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The Voyager guide to summer books

By Will Isern

I spent most of the summer of 2004 in a hammock strung between two oak trees in my mother’s backyard.

I was 14 and, being an overly idealistic and serious young teen, I was absolutely enthralled with Ayn Rand’s “The Fountainhead.” How I came to own that book or why I chose to start reading it I can’t remember. But I’ll never forget that book.  I’d be lying if I said I still don’t give sway to Rand’s objectivist ideology. For that summer and the formative years to follow, Howard Roark was my hero.

Though I can’t be sure, I think that “The Fountainhead” was my first truly adult book. What I am certain of though, is that it was my first real summer book. I’d read books during the summer before, sure, but this was different. For one, it wasn’t on any school reading list. (The thought of entire classes of eighth graders returning from summer vacation full of the notion of one’s own happiness as the moral purpose of life no doubt gave pause to the English teachers that make those lists.) But more than that, it was the first book to show me what a summer read could be – sprawling, adventurous, gripping – nothing like the dull and heady school books I was so accustomed to.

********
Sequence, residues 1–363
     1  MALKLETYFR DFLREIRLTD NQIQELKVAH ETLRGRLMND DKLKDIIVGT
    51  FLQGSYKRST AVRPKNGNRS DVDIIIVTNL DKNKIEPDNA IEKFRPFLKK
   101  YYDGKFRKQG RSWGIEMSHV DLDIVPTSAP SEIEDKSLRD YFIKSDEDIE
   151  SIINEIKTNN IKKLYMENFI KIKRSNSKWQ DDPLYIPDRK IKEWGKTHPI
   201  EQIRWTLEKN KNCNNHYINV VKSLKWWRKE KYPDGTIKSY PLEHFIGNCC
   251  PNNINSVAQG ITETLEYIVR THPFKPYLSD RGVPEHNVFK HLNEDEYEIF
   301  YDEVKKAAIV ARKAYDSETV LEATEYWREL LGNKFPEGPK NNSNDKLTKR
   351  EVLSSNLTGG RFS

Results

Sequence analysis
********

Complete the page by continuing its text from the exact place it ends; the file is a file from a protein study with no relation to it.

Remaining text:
You’ve no doubt had an experience like mine. We all in some way or another come to love a good summer book and come to know what “a good summer book” means. So, in honor of the last stretch of freedom before classes begin again on the cringe-inducingly close Aug. 28, I talked to five UWF’ers to get their suggestions for a great summer read.

·      First, Amy Mitchell-Cook, chair of the of the history department, who prefaced her selection with a warning: “My tastes are a little different.”